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  #1  
Old 09-16-2015, 10:08 PM
johnnyfalcon johnnyfalcon is offline
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with a multimeter how can i properly identify old black wires in a house

How do i find wich is the neutral wire with multimeter

Non contact voltage detecters arent that reliable in discernment

Thanks!
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Old 09-16-2015, 10:25 PM
MorningStar MorningStar is offline
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Assuming US residential wiring standards: look at incoming power feed to the fuse box and study how the fuses (or breakers) are wired with the incoming feed. If the neutral is not marked in white, you should be able to discern two "hot legs" (to use electrician's lingo) in black and a third wire common to both, which would be the neutral wire.

Voltage across the black or hot legs would be 240 VAC, from neutral to hot leg 120 VAC, but better to understand your system by observation, described above, than by experiment with a multimeter. Remember, messing in fuse box could be deadly and one false move could easily be your last.

Post a picture, if you can, and maybe others can provide move insight.
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Last edited by MorningStar; 09-16-2015 at 10:29 PM.
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Old 09-17-2015, 01:50 PM
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Iotayodi Iotayodi is offline
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A vague question. The panel box should be obvious as to the hot and neutrals.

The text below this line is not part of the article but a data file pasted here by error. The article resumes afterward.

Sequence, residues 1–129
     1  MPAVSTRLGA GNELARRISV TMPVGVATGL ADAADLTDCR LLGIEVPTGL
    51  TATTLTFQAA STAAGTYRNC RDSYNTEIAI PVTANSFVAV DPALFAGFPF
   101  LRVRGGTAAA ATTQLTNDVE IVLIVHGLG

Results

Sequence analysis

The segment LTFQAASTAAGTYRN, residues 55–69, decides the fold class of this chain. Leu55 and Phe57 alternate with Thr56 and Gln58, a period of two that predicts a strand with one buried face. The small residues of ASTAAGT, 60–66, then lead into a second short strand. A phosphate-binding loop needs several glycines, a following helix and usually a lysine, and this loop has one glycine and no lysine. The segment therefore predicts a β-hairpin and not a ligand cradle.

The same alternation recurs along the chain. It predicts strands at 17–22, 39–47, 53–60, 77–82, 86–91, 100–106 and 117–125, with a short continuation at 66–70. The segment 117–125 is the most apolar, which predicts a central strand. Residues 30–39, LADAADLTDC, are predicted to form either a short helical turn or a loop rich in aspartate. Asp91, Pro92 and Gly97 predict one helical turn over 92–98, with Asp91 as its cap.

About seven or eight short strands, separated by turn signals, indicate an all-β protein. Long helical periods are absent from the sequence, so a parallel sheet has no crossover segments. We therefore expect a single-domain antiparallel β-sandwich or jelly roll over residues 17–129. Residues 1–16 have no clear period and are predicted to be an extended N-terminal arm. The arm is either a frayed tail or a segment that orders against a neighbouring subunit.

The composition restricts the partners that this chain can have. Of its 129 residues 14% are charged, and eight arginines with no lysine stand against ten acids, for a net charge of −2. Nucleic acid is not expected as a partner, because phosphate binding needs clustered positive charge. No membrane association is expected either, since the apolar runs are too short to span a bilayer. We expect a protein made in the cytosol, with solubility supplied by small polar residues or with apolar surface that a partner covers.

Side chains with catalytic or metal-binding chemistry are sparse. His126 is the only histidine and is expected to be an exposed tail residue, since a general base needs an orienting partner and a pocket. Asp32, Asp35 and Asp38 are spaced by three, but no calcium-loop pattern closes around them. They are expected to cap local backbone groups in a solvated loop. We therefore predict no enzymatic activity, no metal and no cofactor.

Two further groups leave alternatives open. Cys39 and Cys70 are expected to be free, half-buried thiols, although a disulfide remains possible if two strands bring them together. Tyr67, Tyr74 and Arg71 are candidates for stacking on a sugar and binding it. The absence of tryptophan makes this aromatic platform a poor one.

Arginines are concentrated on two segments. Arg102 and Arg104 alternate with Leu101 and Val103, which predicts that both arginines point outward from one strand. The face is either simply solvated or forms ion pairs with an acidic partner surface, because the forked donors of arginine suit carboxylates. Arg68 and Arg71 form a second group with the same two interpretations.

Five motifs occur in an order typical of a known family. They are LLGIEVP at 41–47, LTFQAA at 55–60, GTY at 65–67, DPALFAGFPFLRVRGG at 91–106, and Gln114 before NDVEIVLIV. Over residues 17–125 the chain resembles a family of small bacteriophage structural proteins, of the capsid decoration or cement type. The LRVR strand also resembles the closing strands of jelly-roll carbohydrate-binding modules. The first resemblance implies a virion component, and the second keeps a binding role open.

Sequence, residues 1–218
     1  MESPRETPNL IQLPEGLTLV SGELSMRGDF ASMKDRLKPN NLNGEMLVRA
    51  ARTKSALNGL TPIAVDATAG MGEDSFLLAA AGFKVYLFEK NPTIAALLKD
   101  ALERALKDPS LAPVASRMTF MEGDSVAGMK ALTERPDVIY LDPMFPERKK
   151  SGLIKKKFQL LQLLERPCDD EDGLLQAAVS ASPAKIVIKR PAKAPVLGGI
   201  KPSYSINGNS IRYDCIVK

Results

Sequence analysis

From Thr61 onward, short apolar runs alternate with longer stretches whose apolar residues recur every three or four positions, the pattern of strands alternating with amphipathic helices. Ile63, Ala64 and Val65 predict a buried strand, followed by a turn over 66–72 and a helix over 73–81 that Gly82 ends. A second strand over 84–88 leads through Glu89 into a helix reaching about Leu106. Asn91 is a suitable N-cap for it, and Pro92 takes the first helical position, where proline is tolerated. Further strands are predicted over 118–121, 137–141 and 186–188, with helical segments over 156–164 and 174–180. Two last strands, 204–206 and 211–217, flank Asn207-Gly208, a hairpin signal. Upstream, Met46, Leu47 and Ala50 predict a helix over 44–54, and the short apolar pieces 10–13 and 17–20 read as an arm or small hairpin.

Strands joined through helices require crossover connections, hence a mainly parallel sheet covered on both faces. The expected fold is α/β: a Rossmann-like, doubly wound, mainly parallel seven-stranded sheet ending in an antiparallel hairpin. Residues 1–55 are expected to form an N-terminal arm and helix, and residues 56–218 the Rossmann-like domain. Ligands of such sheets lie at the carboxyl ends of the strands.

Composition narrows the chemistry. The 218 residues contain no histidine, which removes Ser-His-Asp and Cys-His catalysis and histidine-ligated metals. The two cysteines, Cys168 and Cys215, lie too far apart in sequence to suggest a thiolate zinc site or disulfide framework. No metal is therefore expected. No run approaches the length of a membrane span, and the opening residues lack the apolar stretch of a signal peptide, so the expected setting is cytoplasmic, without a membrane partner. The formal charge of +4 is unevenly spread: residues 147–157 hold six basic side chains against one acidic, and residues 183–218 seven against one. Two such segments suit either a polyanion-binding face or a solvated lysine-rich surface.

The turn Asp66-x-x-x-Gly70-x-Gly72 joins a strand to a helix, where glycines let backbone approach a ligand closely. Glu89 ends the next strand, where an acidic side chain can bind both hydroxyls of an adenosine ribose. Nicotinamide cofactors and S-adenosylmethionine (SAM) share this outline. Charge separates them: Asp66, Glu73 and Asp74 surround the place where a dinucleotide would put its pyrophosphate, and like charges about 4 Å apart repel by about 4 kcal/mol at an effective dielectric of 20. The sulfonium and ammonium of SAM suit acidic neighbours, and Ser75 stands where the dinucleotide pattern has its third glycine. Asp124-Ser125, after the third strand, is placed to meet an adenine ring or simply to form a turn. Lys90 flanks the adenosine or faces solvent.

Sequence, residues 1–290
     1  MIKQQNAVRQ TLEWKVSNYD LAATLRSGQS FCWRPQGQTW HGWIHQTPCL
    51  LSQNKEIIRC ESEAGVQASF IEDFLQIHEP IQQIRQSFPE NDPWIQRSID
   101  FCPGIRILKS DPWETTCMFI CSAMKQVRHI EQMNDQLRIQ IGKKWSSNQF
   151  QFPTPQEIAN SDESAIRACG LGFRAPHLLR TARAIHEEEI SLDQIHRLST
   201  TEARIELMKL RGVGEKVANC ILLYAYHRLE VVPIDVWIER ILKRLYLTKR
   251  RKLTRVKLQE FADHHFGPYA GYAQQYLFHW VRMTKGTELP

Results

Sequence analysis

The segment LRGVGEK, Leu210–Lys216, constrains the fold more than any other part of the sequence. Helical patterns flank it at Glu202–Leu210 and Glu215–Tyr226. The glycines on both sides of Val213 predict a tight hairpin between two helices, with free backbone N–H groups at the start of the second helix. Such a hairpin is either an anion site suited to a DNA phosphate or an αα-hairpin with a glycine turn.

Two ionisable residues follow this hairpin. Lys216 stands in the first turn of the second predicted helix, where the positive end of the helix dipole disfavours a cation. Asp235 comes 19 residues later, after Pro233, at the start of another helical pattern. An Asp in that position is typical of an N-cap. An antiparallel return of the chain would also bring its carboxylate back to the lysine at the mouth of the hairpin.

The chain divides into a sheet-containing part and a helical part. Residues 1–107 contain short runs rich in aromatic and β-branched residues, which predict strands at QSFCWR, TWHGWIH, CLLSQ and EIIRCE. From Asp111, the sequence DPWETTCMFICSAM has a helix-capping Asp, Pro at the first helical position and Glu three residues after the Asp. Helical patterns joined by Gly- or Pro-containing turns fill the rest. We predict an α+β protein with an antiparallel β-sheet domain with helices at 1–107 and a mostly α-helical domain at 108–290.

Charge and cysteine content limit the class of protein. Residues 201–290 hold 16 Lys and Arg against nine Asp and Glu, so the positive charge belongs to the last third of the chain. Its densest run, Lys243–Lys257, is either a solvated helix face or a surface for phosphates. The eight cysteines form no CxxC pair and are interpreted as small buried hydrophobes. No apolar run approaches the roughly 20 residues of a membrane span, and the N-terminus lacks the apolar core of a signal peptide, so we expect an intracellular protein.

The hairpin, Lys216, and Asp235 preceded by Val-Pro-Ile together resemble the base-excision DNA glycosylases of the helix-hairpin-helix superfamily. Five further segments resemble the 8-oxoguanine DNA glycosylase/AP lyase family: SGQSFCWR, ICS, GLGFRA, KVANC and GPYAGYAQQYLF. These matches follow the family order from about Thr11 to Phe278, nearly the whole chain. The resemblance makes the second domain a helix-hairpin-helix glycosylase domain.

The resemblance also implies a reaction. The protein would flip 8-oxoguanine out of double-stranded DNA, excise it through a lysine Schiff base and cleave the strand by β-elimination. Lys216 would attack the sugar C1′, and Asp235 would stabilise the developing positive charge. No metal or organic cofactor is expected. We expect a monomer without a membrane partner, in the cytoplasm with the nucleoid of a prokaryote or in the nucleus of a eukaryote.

I assume you have a junction box, outlet or switch where the wires arent put together. If thats the case make sure the wires are separated and the breaker or fuse is on. Take your meter and check the wires to ground. A neutral should have no voltage or minor transient voltage..
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Old 09-17-2015, 02:09 PM
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citfta citfta is offline
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Hi Johnny,

I am going to assume a couple of things in order to give you an answer. First I think you are probably asking about an old house that does NOT have a ground wire run to the outlets. My second assumption is you are NOT asking about the wiring in the main panel. If you are trying to find which is the hot wire at an outlet or switch and you don't have a ground wire that can be difficult to figure out. You will need to run a temporary wire from a good ground or from the known neutral connection in your panel. Then you can check from the wire you ran to each of the others to find the hot or black wire.

Carroll
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Old 09-17-2015, 03:33 PM
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Iotayodi Iotayodi is offline
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If its just a 2 wire system you can use your digital meter. The Hot red probe on a neutral will show a negative voltage. That will be your neutral wire.
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Old 09-17-2015, 04:12 PM
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ewizard ewizard is offline
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Almost sounds like a trick question. Black wires will have black insulation on them. But if you mean 'hot' which normally is what black wires are then you can hook up a long wire to neutral at your breaker box and identify each outlet as to which side reads about 120 volts. That normally should be the right side of the two prong outlet - it should read 120 volts when you have one of your meter wires hooked to ground and the other in the right side of the outlet. As others have said - lethal voltages so be careful - wear gloves if possible.